That Stewart would want to use it thusly at a time when the compassion of the U.S. and Britain for the world’s neediest is at a nadir should be expected, given who he is.
Variety (Jan 8, 2020)
nebulous
Bands with hit songs are increasingly being sued for stealing melodic or harmonic ideas from other, lesser known works. While plagiarism is definitely a problem, it can be hard to draw a clear line between theft and inspiration since so many pop songs have similar structures and tend to use simple chords. And since some of the legal judgements have been for millions of dollars, there's an incentive for artists to sue other artists if there's even a small similarity between tracks.
They are now marks for frivolous litigation premised upon nebulous assertions as well as a complete and willful ignorance of how pop music is actually made.
New York Times (Jan 6, 2020)
noncommittal
After a 20-13 upset playoff loss to the Titans, speculation among football commentators and fans was rampant that New England Patriots quarterback Tom Brady might retire. Brady said it was "unlikely" but didn't rule it out altogether. You could say he wouldn't commit either to staying or to retiring, which means he was noncommittal.
He is a free agent and both he and head coach Bill Belichick have been relatively noncommittal about his future with the franchise.
Sports Illustrated (Jan 8, 2020)
opacity
Phone maker OnePlus unveiled its Concept One. It has glass covering the cameras that darkens, hiding them. It looks cool, but the real utility of this feature is that the darkening glass also functions as a neutral density filter, which allows for taking pictures in blazing bright sunlight without blowing out any light areas. Opacus means "dark" or "shaded" in late Latin; we use opaque to mean the opposite of transparent. Opacity refers to how opaque something is.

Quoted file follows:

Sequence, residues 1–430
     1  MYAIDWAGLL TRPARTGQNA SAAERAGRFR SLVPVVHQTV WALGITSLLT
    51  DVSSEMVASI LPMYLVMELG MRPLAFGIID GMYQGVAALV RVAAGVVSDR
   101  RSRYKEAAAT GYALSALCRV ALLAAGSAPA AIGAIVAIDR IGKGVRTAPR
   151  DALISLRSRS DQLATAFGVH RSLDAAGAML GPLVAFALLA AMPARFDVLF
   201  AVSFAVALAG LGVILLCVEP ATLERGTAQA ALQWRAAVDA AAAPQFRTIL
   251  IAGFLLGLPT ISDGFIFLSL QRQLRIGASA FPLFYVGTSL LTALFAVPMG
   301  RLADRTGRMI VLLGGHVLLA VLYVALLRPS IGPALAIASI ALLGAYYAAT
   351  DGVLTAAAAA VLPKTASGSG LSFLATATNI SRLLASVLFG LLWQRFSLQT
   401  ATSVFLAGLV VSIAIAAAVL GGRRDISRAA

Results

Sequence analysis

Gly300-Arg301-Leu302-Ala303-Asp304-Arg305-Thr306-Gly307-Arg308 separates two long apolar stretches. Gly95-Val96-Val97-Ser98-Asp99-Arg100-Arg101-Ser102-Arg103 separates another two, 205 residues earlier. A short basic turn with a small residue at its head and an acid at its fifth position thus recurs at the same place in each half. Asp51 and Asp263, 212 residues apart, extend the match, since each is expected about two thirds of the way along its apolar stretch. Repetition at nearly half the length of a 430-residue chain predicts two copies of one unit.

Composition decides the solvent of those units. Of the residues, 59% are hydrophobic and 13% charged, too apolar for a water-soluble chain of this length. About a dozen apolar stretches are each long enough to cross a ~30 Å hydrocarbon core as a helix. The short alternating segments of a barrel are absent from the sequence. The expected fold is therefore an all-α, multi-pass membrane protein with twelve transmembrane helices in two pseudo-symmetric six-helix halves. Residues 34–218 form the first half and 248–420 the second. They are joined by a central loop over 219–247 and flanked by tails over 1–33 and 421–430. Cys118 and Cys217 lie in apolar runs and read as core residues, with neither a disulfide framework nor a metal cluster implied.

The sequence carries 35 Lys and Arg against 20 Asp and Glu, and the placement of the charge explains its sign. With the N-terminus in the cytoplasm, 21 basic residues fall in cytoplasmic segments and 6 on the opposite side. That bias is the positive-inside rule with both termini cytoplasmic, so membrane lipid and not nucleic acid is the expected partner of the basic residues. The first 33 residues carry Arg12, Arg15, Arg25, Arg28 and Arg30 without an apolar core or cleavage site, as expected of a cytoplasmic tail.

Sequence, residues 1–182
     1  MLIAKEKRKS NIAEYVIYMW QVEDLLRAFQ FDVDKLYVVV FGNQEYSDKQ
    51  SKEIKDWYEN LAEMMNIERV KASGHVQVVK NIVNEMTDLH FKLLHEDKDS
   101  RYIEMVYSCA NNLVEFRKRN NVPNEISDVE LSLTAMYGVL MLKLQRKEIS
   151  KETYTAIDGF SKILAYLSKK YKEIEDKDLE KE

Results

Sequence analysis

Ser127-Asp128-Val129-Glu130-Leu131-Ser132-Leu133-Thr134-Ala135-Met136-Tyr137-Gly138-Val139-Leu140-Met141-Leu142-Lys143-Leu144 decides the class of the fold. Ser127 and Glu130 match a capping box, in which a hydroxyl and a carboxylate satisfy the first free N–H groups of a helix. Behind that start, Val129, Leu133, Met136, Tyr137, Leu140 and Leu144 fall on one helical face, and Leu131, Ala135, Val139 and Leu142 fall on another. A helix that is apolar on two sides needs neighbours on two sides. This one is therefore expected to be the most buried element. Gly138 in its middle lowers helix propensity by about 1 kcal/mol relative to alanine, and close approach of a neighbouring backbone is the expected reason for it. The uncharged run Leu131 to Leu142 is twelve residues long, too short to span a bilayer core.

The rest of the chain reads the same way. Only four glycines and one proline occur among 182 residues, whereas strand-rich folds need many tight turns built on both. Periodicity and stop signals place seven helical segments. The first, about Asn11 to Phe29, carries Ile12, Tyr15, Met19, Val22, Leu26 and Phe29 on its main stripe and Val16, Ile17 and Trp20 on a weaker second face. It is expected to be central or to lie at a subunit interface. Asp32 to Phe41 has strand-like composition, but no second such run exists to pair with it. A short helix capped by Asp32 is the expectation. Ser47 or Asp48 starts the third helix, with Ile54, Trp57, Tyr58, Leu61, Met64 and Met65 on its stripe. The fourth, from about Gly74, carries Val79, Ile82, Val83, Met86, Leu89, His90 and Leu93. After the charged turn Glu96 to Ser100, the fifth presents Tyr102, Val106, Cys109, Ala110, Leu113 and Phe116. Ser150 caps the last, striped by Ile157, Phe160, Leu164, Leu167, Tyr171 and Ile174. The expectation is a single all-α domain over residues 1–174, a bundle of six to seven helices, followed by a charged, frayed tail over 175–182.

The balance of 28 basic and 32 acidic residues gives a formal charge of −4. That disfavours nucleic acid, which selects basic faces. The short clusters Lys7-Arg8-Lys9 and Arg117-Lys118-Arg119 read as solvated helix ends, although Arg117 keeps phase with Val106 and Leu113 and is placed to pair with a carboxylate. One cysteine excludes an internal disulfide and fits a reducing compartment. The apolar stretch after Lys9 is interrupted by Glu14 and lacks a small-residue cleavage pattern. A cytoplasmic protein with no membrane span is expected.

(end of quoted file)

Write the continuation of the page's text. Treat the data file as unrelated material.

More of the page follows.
You run a charge through the conductive layers and it changes the opacity.
The Verge (Jan 7, 2020)
staid
The 77th Golden Globe Awards made some waves, but overall left a lot of watchers unimpressed. Netflix did badly; apart from wins by Laura Dern and Olivia Colman for Marriage Story and The Crown respectively, none of its high-profile movies or shows won. Amazon's Fleabag cleaned up, HBO won some, and Once Upon A Time In Hollywood won best comedy movie. Host Ricky Gervais said he won't be hosting the show again.
The 77th annual Golden Globe Awards were a slightly more staid affair than usual.
Vox (Jan 6, 2020)
whimsical
Artist John Baldessari died at age 88. He helped create the field of conceptual art, and was hugely influential both through his work and his years of teaching at both UCLA and the California Institute of the Arts. He combined photography, painting, sculpture, and text to make work that was challenging, clever, mysterious, and sometimes funny. A whim is a spontaneous impulse, so something whimsical is more playful than useful.
Those works and others often struck viewers as both brilliantly constructed and at the same time whimsical, although Mr. Baldessari insisted he was never trying to be funny.
Washington Post (Jan 7, 2020)